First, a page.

1.3 In the board's judgement, the circumstances leading to the omission were exceptional and the appellant's representative found himself in an extraordinary situation that hindered him on his return to the office on 30 December 2011 and after his leave beginning on 2 January 2012 from paying attention to the notification of the contested decision on 27 December 2011. As a consequence, he was unaware of the time limits for the appeal and unable to make arrangements for meeting them (cf. decision T 387/11 of 6 July 2012).

1.4 In the light of the evidence provided it is credible that the appellant's representative suffered considerable psychological stress at the end of December 2011 and in January 2012, subsequent to the sudden death of his mother. Moreover, on the day of notification of the contested decision, that is on 27 December 2011, the representative left the office in the morning since he had been informed that his mother's health had suddenly deteriorated. The experienced assistant previously in charge of monitoring dates and time limits had retired early and was no longer at the office at that time. The new assistant was still in the training period. She could not seek advice from any of the four other professional representatives of the association because they were on leave in keeping with the turns of work planned for the Christmas and New Year holiday. The assistant erroneously believed that the sub-authorised professional representative, who had represented the appellant at the oral proceedings before the examining division, was in charge of monitoring the time limit for appeal. The circumstances were thus exceptional: No professional representative was present and the newly appointed assistant had no experience in handling incoming notifications of decisions, even though she had worked for some time at the office in another function. Moreover, it was not apparent to her from the file who had the responsibility for the appeal, since the sub-authorisation that had been given to the professional representative in Munich was not expressly limited to the representation at the oral proceedings before the examining division and there was no information in the verbal arrangement between the two representatives involved that the sub-authorisation was not intended to change responsibility for the appeal. In view of the considerable psychological stress due to his sudden bereavement, the appellant's representative could not be reasonably expected to become aware of the notification of the contested decision during his short presence at the office on 30 December 2011 and immediately after his return from leave in January 2012. In the board's judgment, this extraordinary situation persisted, so the appellant's representative could not have been expected to note the omission before receipt of an email on 13 March 2012 from the sub-authorised professional representative drawing his attention to the missing notice of appeal.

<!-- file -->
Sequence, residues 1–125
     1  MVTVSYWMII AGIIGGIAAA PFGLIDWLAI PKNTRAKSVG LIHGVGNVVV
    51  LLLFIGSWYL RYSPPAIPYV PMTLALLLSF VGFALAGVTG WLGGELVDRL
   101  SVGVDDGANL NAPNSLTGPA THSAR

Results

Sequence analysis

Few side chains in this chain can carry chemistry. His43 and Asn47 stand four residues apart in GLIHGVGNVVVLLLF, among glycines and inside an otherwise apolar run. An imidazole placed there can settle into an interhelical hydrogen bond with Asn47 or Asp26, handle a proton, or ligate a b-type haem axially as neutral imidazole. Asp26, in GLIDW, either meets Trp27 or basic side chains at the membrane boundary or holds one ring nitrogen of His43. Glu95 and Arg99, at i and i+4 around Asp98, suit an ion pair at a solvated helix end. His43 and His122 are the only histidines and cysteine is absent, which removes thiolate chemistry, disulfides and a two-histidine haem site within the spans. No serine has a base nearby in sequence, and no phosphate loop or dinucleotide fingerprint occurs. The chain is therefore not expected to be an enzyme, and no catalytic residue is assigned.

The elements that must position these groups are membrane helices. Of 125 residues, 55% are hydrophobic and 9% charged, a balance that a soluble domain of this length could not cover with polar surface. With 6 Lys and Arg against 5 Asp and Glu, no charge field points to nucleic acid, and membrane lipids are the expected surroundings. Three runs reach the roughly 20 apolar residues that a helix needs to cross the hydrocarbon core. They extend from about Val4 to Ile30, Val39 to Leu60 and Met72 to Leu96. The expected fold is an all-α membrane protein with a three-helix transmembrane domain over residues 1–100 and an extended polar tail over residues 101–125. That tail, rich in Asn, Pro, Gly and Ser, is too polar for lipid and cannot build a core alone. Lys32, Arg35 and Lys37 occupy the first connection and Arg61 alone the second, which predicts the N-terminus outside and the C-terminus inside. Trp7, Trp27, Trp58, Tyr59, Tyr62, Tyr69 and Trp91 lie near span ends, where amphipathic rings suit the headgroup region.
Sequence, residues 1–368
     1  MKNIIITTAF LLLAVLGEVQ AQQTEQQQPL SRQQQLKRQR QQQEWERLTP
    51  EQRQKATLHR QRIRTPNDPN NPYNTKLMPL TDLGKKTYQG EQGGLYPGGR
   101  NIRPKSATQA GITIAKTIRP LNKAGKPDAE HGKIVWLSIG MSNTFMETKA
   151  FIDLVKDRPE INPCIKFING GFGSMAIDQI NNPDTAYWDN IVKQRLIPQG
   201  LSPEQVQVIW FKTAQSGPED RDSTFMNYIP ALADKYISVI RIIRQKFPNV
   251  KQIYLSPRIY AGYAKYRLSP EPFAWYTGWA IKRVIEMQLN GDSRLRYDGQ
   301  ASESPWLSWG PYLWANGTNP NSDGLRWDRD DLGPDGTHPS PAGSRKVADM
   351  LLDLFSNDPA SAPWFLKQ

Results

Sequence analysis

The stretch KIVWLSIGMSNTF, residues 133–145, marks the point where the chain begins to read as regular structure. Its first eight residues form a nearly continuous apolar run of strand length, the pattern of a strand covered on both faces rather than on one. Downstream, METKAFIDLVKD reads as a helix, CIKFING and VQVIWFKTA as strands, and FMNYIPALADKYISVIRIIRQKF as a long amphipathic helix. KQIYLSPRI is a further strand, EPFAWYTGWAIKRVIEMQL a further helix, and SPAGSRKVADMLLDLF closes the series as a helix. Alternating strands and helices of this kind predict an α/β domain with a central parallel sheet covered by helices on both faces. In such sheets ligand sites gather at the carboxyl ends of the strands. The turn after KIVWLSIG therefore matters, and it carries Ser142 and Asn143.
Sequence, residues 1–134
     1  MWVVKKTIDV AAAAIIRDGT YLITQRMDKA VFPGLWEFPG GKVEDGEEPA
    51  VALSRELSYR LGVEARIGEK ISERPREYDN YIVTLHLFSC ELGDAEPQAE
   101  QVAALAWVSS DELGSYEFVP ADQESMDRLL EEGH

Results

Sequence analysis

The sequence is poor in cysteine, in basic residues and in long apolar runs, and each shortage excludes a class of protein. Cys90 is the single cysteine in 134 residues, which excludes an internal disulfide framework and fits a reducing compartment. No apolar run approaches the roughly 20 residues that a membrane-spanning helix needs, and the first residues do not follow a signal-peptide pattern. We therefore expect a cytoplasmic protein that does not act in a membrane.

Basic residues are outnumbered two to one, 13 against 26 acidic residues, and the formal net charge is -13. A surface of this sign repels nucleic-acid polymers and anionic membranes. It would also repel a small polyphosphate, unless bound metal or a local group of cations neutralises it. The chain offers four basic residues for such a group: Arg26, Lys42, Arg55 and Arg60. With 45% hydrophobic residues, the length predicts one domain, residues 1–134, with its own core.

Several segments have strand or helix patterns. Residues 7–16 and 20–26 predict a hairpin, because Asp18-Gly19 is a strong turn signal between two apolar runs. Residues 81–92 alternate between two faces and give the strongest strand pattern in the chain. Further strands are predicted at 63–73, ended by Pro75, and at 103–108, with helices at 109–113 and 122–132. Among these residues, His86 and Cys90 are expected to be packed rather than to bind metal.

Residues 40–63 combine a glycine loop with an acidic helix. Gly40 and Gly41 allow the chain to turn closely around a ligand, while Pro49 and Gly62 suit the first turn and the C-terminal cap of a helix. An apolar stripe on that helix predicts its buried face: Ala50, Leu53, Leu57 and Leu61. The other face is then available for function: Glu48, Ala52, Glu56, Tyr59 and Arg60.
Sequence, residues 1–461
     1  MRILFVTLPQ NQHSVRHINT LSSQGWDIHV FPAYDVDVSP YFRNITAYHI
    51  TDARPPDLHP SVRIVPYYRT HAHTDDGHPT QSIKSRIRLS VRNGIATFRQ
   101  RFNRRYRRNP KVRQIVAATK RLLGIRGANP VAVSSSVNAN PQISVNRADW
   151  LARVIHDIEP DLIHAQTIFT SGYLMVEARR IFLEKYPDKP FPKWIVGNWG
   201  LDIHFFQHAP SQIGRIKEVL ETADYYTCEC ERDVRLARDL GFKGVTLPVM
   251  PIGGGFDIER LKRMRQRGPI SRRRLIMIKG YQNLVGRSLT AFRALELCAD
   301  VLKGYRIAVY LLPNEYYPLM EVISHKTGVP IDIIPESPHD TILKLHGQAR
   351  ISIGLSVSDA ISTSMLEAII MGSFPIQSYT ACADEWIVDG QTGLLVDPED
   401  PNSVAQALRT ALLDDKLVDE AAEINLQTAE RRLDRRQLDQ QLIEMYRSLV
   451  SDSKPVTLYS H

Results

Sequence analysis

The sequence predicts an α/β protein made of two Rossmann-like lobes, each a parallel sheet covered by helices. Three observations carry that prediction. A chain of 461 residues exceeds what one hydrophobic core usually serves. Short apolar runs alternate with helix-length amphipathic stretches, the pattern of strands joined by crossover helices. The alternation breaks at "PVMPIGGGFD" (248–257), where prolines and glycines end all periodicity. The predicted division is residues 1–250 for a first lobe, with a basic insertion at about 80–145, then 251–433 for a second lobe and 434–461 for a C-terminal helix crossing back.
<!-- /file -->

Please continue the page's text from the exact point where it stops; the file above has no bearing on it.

1.5 For the above reasons, the board allowed the request for re-establishment of rights.

2. Main request

2.1 Added subject-matter

2.1.1 The present application is a divisional application and therefore the provisions expressed in Article 76(1) EPC in relation to the content of the earlier application (parent application as filed) have to be examined.

2.1.2 Claim 1 of the main request is a product claim, which relates to:

(i) inhalation formulations

(ii) in sterile monodose ampoules of 5-7% hypertonic solution containing

(iii) hyaluronic acid or a salt or ester thereof with low molecular weight or an intermediate molecular weight at a concentration of between 0.01% to 1%.